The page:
In summary, all the major groups supported pilot projects on sustainable tourism in coastal areas. Industry said tourism is crucial for coastal zone development and should be accorded a high profile in the context of integrated coastal zone management, and highlighted the role of local authorities. Trade Unions supported comments on the multi-stakeholder approach, the role of local authorities and communities, and voluntary initiatives as being supplemental to regulatory frameworks. Local Authorities noted the usefulness of setting environmentally or culturally sensitive sites aside from tourism development and underscored that hotel and land developers should be responsible for their projects’ infrastructure costs. NGOs noted that full recognition of the hidden costs was still lacking and said regulatory frameworks should be set at the local level.

HIGH-LEVEL SEGMENT

Louise Fréchette, UN Deputy Secretary-General, underscored that the tourism industry is one of the fastest growing sectors in the global economy and that its environmental impacts can be severe. She noted the relevance of tourism, oceans and consumption and production patterns to the review of the Barbados Programme of Action (POA) for SIDS, and called for continued support for SIDS.

THAILAND highlighted that its approach to tourism development enforces the polluter pays principle, focuses investment on pollution control, and targets community involvement using environmental awareness programmes. ECUADOR outlined strategies to preserve local cultures as a fundamental part of its national eco-tourism development plan. KENYA has established a specialized hotel and tourism college, funded through a tax on catering, food and drink expenditures. SRI LANKA described its regulatory measures to prevent erosion of tourism resources, including bans on building hotels within 200 meters from the natural vegetation line. UKRAINE highlighted its development of an integrated national information system on tourism. CYPRUS noted its requirement of planning permits prior to all development projects to control coastal development. MACEDONIA said ambitions to foster its tourism sector have been shattered due to the war in Kosovo.

The G-77/CHINA highlighted the value of tourism as an economic tool and noted the fragility of the resources on which it depends. TURKEY reiterated that tourism is an engine for development for many developing countries. TANZANIA underscored that tourism generates wastes and gives rise to social costs as well as benefits. PERU drew attention to socio-cultural monitoring as a means of identifying and encouraging the positive effects of tourism. KENYA requested UN assistance to undertake a study of tourism’s social impacts. SLOVENIA suggested that, when setting frameworks for tourism development, carrying capacity be defined, instruments of spatial and land- use planning be applied, and environmental impact assessments (EIAs) be conducted. TURKEY underscored the importance of applying the user pays and polluter pays principles. The EU supported conducting a comprehensive survey and assessment of existing voluntary initiatives related to sustainable tourism and called on the tourism industry to work towards a global code of conduct for sustainable tourism. AUSTRIA said the key to sustainable tourism is to integrate environmental factors in all involved industries and highlighted the use of eco-labels to this end. INDONESIA highlighted the need for environments conducive to SMEs.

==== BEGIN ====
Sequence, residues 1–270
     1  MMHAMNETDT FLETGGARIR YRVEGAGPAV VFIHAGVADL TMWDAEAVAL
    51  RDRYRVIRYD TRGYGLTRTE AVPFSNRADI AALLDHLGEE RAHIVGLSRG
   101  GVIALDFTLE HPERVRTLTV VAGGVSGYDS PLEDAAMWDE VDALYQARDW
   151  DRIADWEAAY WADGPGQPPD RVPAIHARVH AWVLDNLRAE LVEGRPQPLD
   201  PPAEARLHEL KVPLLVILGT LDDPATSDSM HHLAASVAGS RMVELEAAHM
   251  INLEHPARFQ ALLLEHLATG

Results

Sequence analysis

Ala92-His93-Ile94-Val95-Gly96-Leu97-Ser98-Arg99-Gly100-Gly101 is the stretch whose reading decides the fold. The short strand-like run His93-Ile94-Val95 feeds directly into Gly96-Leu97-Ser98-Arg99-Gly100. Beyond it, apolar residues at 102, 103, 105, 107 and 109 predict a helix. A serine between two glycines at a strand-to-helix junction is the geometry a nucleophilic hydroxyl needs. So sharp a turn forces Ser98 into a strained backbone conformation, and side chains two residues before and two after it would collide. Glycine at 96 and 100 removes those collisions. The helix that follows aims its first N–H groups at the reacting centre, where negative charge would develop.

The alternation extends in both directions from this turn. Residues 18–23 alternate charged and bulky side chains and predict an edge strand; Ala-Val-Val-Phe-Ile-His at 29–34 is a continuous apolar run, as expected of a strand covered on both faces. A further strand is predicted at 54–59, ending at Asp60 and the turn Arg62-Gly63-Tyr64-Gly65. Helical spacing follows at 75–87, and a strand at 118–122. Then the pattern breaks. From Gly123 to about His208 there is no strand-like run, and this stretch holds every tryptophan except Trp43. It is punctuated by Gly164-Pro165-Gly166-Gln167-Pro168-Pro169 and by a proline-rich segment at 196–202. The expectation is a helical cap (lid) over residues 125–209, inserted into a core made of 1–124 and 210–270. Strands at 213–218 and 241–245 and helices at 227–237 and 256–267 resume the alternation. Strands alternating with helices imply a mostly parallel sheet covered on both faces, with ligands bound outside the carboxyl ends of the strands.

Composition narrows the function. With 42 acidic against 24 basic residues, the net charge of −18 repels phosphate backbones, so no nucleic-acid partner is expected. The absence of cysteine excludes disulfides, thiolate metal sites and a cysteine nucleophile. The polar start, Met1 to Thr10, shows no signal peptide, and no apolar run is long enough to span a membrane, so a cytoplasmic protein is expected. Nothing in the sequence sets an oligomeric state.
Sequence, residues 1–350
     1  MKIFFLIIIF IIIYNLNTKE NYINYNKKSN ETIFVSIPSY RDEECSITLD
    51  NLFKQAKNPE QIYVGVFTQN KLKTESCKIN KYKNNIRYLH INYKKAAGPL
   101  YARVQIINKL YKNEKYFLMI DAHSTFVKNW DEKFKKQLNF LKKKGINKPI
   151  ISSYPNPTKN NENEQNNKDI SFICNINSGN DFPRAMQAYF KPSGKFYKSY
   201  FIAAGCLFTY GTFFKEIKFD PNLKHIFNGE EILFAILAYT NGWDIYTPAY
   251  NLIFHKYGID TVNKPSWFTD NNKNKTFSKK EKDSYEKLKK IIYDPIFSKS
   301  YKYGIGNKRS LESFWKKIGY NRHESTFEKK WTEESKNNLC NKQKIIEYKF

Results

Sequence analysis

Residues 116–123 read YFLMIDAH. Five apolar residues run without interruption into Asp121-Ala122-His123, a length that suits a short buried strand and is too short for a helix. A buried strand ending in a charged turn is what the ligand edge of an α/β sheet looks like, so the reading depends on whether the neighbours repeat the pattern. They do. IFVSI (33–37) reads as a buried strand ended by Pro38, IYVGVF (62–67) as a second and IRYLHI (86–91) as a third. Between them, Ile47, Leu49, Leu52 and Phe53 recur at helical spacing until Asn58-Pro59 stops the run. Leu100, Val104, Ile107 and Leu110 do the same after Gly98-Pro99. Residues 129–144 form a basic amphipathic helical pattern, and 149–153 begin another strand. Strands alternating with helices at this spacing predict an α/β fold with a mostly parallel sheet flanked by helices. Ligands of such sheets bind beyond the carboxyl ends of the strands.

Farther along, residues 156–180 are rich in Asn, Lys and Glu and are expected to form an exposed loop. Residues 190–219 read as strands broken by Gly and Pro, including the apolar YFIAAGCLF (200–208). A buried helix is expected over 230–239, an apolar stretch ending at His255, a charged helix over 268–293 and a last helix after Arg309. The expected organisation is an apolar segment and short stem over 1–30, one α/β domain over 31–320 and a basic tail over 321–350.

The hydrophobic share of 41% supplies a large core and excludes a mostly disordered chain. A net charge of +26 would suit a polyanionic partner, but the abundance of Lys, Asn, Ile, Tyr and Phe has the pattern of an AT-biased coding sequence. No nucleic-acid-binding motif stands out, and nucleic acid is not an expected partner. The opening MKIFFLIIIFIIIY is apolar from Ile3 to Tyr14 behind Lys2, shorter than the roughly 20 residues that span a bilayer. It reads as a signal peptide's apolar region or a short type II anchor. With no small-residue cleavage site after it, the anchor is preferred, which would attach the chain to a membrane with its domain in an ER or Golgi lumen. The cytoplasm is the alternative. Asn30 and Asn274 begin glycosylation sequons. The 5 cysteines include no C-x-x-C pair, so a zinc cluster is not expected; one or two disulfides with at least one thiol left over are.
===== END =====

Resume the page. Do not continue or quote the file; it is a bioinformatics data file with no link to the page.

ZIMBABWE and INDONESIA stressed that local communities should benefit from tourism development. COSTA RICA highlighted the impacts of massive tourism inflows on local cultures. NAMIBIA extolled the benefits of community-based tourism. The EU said the tourism industry should make greater efforts to employ local workforces and use local products, services and skills. MOLDOVA emphasized the role of environmental awareness and education in promoting sustainable tourism, especially for countries with economies in transition. SPAIN highlighted the importance of both citizen awareness and international cooperation.

HUNGARY emphasized the need for integrated planning and international cooperation to promote sustainable tourism. MYANMAR welcomed technical assistance given without prejudice, especially in conservation of biodiversity and natural habitat and waste treatment and disposal. UKRAINE highlighted the potential for foreign direct investment to introduce leading tourist technologies and upgrade tourism industry workers’ skills. GREECE urged international policy coordination to minimize impacts of international tourism on destinations with valuable cultural and natural heritage.

TUNISIA, on behalf of countries sharing French as a language, called for economic, legal, fiscal, health and safety conditions to attract investment and international guidelines for sustainable tourism. POLAND proposed that the CSD further emphasize: the role of non-governmental stakeholders; voluntary codes of conduct; and clarification of the term “sustainable tourism.” SLOVAKIA recommended that the CSD promote: integrated development of ecological networks; the principles of integrated spatial nature conservation; and EIA of recreational resorts.